Highly regenerative organisms can respond to injury by initiating developmental programs that replace missing organs rather than creating scar tissue. The task requires flexible cells like stem cells that can re-specify missing tissues but it also requires a signaling system that can organize complex tissue, as is done in embryogenesis. Determining how these robust signaling systems work is one key to understanding how to control regeneration. This proposal develops new techniques that merge technologies - single cell RNA-seq and live confocal imaging of fluorescent proteins - to extend the ability to analyze the dynamic biochemical environment of cells during regeneration. The project uses the highly regenerative plant root as a model, where tools for imaging and classifying cell identity are well developed.
The aims entail the following objectives: 1) Collect single cells from regenerating tissue over a time course to analyze their individual gene expression profile. The technique permits an analysis of the timing and origin of the molecular signatures orchestrate the initial steps of regeneration. 2) Map cellular transcriptomes onto high resolution (confocal) images of regenerating tissue using quantitative analysis techniques specifically developed for the problem. The integration of the two datasets allows the inference of the biochemical environment of a cell in the three dimensional tissue. 3) Map the activity of stem cells onto the high resolution images of regenerating tissue to understand how the injury induced environment communicates to stem cells to initiate the regeneration of specific tissues. One immediate goal is to understand whether cellular transdifferentiation or stem cells direct early events in regeneration. The approach develops new methods that take advantage of the depth of single cell RNA-seq together with the resolution of confocal imaging. The project uses the plant root as a model, but the approach is extendable to many animal models. The overall goal of the project is to determine how highly regenerative organisms respond to injury and reform nearly perfect replacement organs.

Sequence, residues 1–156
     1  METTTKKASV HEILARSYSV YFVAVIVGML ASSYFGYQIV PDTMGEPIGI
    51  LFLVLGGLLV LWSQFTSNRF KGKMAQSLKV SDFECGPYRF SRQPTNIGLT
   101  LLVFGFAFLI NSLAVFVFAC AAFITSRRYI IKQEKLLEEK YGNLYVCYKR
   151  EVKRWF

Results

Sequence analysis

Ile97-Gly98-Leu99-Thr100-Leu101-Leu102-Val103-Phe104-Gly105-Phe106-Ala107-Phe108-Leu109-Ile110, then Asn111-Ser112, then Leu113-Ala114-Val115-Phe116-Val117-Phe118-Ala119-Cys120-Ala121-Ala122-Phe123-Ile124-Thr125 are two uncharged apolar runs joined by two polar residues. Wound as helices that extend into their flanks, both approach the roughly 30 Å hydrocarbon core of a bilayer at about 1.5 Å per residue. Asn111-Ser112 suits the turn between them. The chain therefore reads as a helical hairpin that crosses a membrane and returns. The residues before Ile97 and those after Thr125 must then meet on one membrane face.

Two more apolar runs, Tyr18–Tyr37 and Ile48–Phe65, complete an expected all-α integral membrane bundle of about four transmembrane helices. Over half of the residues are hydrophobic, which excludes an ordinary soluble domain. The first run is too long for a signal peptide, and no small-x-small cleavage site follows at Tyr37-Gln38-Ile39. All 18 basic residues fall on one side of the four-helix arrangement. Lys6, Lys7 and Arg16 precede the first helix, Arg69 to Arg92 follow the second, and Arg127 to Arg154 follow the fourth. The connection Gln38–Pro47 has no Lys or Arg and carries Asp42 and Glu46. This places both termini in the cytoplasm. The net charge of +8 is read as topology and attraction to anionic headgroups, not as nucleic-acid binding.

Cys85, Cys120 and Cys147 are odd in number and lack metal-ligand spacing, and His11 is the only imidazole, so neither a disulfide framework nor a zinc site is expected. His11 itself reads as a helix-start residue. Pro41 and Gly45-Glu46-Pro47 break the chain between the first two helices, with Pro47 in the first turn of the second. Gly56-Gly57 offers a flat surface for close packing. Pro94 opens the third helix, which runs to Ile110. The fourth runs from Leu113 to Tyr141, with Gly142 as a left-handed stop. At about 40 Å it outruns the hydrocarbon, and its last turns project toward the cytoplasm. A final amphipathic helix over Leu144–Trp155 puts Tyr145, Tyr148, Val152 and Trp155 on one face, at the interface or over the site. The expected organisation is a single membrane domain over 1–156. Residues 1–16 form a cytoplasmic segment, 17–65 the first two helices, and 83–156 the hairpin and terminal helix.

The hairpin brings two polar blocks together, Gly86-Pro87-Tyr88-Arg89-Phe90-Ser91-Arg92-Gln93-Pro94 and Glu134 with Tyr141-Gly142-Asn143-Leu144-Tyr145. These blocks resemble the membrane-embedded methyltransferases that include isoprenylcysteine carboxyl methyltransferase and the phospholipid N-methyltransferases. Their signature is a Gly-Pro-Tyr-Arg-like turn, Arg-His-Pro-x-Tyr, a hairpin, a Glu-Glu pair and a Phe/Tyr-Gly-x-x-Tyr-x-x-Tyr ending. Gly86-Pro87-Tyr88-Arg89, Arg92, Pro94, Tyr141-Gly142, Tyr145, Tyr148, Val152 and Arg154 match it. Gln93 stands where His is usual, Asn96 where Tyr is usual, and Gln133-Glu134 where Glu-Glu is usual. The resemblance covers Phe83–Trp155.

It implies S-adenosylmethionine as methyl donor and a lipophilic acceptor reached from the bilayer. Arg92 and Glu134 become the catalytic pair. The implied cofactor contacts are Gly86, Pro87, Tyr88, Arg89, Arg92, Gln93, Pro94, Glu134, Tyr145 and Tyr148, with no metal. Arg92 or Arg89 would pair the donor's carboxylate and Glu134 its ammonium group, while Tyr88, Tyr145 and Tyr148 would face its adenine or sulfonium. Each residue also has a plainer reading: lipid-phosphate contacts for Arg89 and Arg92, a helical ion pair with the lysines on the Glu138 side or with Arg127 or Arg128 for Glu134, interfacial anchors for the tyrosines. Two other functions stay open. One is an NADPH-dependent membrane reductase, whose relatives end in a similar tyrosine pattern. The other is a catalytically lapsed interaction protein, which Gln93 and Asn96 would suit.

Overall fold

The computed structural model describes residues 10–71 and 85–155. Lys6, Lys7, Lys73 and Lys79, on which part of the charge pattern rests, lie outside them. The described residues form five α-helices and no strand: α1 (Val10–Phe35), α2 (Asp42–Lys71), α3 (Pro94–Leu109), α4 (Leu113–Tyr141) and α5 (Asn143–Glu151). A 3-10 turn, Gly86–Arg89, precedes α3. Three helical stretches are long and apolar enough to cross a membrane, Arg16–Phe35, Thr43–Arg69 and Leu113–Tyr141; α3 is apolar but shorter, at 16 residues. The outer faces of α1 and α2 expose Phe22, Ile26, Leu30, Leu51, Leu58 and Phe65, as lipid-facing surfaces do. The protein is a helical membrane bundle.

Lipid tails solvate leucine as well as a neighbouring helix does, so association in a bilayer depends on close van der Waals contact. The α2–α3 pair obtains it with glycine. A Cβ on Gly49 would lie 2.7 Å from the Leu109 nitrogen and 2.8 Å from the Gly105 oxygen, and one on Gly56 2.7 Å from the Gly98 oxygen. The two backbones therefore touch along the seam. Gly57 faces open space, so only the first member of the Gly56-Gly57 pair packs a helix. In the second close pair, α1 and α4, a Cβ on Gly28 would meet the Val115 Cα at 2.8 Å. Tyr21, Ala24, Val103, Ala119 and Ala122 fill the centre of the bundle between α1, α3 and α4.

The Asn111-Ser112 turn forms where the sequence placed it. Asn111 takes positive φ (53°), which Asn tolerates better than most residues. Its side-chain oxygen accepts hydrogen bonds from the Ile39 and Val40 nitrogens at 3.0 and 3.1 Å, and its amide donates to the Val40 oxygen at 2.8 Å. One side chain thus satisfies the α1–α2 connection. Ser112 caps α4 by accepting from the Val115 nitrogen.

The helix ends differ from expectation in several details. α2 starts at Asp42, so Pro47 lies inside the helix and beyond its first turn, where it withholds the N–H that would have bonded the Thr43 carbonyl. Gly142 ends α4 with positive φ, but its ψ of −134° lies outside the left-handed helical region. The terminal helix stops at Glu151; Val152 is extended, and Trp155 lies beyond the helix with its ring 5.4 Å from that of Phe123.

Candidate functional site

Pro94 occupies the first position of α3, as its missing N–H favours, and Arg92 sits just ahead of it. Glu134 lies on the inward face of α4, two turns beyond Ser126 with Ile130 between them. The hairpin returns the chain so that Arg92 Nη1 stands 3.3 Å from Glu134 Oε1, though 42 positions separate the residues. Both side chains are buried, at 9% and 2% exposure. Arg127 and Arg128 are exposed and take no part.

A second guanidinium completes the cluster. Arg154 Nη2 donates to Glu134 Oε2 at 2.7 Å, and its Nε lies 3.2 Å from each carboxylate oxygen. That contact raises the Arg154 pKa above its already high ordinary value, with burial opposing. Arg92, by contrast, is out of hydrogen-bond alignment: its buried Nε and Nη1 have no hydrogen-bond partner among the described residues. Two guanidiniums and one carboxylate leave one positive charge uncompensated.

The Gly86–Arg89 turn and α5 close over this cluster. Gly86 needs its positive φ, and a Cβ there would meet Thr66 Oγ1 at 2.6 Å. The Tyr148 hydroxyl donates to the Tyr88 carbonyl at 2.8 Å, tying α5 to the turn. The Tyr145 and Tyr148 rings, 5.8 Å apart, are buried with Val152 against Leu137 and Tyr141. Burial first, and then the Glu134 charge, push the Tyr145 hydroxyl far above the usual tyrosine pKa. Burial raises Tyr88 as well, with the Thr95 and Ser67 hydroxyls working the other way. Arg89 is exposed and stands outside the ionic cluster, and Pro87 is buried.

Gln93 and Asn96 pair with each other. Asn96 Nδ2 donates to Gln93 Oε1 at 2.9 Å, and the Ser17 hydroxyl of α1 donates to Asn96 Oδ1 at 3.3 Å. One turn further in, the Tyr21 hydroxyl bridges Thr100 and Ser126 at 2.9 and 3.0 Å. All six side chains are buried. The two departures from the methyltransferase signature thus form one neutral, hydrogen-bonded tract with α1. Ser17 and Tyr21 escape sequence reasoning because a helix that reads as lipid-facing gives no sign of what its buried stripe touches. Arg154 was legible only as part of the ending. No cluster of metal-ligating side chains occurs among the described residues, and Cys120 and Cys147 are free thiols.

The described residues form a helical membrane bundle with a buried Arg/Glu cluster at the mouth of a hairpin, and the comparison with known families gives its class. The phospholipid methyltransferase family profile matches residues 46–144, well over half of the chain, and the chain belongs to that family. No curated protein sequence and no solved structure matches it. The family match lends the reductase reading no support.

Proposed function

Public Health Relevance

The proposal develops methods to integrate new technologies to analyze the complex biochemical state of cells in regenerating tissues. The new approach is designed to learn how highly regenerative organisms activate stem cells in response to injury and will provide new tools for regenerative medicine.

National Institute of Health (NIH)
National Institute of General Medical Sciences (NIGMS)
Research Project (R01)
Project #
Application #
Study Section
Development - 1 Study Section (DEV1)
Program Officer
Salazar, Desiree Lynn
Project Start
Project End
Budget Start
Budget End
Support Year
Fiscal Year
Total Cost
Indirect Cost
New York University
Schools of Arts and Sciences
New York
United States
Zip Code
Birnbaum, Kenneth D (2018) Power in Numbers: Single-Cell RNA-Seq Strategies to Dissect Complex Tissues. Annu Rev Genet 52:203-221
Ortiz-Ramírez, Carlos; Arevalo, Edgar Demesa; Xu, Xiaosa et al. (2018) An Efficient Cell Sorting Protocol for Maize Protoplasts. Curr Protoc Plant Biol 3:e20072
Birnbaum, Kenneth D; Roudier, François (2017) Epigenetic memory and cell fate reprogramming in plants. Regeneration (Oxf) 4:15-20
Efroni, Idan; Birnbaum, Kenneth D (2016) The potential of single-cell profiling in plants. Genome Biol 17:65
Efroni, Idan; Mello, Alison; Nawy, Tal et al. (2016) Root Regeneration Triggers an Embryo-like Sequence Guided by Hormonal Interactions. Cell 165:1721-1733
Rahni, Ramin; Efroni, Idan; Birnbaum, Kenneth D (2016) A Case for Distributed Control of Local Stem Cell Behavior in Plants. Dev Cell 38:635-42
Efroni, Idan; Ip, Pui-Leng; Nawy, Tal et al. (2015) Quantification of cell identity from single-cell gene expression profiles. Genome Biol 16:9
Para, Alessia; Li, Ying; Marshall-Colón, Amy et al. (2014) Hit-and-run transcriptional control by bZIP1 mediates rapid nutrient signaling in Arabidopsis. Proc Natl Acad Sci U S A 111:10371-6
Bargmann, Bastiaan O R; Vanneste, Steffen; Krouk, Gabriel et al. (2013) A map of cell type-specific auxin responses. Mol Syst Biol 9:688
Bargmann, Bastiaan O R; Marshall-Colon, Amy; Efroni, Idan et al. (2013) TARGET: A Transient Transformation System for Genome-Wide Transcription Factor Target Discovery. Mol Plant 6:978-80

Showing the most recent 10 out of 28 publications